Picture taken by TortugaVeloz
LocationKiruna, Norrbotten, Sweden
Created2018-06-03 12:28:00
Karesuando at

Karesuando is a turfzone in the municipality of Kiruna in the region of Norrbotten in Sweden. The zone is located in the historical province of Lapland.


This zone is placed by shore of the Muonio (river) in the village of Karesuando.


Karesuando (Finnish: Kaaresuvanto or Karesuvanto; Sami: Karesuanto, Gárasavvon or Karasavvon) is the northernmost locality in Sweden. It is situated in Kiruna Municipality, Norrbotten County, Sweden, with 303 inhabitants in 2010 and 350 in 2011.

It is a church village, located alongside the Muonio River on the border with Finland.

The Finnish village of Karesuvanto (population about 140) is located on the Finnish side of the river. According to Finnish tradition, they are one and the same village (with a combined population of about 470), but are usually considered to be separate villages since there is a national border between them (although both are called Karesuvanto in Finnish).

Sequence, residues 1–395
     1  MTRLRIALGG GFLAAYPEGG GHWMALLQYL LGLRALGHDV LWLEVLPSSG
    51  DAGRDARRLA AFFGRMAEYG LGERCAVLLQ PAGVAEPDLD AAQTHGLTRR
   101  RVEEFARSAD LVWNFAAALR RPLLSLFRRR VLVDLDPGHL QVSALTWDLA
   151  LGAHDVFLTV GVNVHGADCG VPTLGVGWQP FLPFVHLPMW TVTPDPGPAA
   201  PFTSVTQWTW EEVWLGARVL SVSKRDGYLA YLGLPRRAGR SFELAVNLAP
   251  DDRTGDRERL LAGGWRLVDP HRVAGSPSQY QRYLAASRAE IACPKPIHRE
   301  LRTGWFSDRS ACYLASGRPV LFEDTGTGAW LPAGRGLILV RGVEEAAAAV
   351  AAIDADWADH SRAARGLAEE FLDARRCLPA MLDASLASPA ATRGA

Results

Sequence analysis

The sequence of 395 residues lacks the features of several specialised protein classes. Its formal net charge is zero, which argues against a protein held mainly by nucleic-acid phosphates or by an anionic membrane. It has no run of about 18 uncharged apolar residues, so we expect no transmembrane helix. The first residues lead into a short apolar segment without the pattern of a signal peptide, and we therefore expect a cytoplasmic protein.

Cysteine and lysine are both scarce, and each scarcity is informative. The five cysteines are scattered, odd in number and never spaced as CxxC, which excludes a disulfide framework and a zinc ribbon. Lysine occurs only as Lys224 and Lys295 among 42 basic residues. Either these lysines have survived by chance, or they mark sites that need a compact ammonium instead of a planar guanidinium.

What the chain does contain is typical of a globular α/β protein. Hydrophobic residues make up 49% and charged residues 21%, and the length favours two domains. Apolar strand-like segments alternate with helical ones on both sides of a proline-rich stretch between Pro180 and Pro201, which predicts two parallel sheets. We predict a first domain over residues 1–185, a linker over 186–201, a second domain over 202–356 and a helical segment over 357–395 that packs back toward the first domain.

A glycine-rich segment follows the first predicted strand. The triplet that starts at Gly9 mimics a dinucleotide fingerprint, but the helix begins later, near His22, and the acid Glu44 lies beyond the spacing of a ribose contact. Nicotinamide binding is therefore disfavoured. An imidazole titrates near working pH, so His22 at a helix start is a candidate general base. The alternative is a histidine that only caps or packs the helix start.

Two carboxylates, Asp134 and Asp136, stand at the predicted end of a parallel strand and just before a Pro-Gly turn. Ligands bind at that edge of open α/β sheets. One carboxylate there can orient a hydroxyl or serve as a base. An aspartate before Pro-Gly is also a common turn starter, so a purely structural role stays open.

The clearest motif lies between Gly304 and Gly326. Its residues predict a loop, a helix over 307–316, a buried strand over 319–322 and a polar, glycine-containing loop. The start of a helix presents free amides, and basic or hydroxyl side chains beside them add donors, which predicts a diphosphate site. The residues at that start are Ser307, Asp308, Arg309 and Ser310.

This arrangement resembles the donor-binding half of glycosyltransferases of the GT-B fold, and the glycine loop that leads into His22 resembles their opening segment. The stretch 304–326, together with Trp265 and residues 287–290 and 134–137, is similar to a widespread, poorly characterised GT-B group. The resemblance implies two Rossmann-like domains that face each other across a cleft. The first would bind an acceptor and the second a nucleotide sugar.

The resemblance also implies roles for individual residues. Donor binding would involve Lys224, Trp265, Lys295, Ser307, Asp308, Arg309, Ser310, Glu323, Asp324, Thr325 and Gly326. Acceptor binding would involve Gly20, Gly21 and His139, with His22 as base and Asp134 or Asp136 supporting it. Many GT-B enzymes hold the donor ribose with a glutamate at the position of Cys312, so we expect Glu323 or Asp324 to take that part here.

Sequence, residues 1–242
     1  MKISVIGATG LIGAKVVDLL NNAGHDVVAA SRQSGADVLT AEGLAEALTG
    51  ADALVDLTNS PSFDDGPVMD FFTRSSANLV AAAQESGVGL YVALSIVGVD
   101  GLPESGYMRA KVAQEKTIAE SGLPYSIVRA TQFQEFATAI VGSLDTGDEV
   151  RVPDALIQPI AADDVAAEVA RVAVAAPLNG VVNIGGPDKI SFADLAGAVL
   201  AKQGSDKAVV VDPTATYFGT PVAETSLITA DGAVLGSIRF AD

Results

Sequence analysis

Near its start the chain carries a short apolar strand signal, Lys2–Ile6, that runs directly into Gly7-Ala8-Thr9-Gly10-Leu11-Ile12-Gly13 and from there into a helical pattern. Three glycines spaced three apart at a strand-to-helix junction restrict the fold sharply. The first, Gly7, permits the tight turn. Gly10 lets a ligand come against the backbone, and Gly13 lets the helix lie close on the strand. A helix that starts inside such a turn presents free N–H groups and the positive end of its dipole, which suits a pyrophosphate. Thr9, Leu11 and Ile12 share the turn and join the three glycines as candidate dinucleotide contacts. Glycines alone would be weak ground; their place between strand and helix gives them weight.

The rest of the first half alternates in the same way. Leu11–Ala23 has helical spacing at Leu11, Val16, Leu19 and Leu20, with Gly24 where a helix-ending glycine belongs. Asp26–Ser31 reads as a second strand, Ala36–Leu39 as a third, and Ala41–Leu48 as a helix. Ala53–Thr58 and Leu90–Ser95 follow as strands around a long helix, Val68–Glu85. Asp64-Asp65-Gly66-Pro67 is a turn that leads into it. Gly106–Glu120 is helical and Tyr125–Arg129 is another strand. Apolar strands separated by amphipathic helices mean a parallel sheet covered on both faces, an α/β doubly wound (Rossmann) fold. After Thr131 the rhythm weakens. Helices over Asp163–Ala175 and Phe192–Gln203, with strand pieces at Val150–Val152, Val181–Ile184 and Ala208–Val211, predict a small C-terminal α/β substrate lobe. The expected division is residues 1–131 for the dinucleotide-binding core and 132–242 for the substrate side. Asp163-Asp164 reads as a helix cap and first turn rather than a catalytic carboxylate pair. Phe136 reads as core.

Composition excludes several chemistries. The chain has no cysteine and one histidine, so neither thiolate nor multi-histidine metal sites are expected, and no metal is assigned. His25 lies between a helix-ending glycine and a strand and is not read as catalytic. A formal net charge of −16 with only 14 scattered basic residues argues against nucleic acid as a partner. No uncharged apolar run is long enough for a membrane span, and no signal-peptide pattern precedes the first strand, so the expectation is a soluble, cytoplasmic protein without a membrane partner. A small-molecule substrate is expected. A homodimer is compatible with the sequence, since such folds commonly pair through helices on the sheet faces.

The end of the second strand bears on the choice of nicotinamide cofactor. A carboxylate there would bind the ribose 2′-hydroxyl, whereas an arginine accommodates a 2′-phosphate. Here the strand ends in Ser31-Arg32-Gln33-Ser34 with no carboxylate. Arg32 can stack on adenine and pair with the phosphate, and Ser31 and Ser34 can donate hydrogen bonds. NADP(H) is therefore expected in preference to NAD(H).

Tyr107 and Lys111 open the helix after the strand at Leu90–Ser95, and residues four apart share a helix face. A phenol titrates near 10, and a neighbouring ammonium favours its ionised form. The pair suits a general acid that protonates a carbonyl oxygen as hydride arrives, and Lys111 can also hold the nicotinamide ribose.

The village's buildings were built in 1670, when Måns Mårtensson Karesuando, called "Hyvä Maunu Martinpoika" in Finnish and "Good Maunu, Son of Martin" in English, bought land from Sami Henrik Nilsson Nikkas. The Lutheran vicar and botanist Lars Levi Laestadius served in Karesuando from 1826 to 1849. It was here that he founded the revivalist movement known to this day as Laestadianism.

The area is traditionally Finnish speaking, and the border was drawn for political reasons in 1809, not because of any cultural or any other border existing at that time. There was not even a parish border, so Karesuando Church was built because the older church was on the Finnish side. School and church influences have since resulted in cultural and linguistic differences.

Karesuando is located along the European route E45, and is the northern terminus of national road 99.


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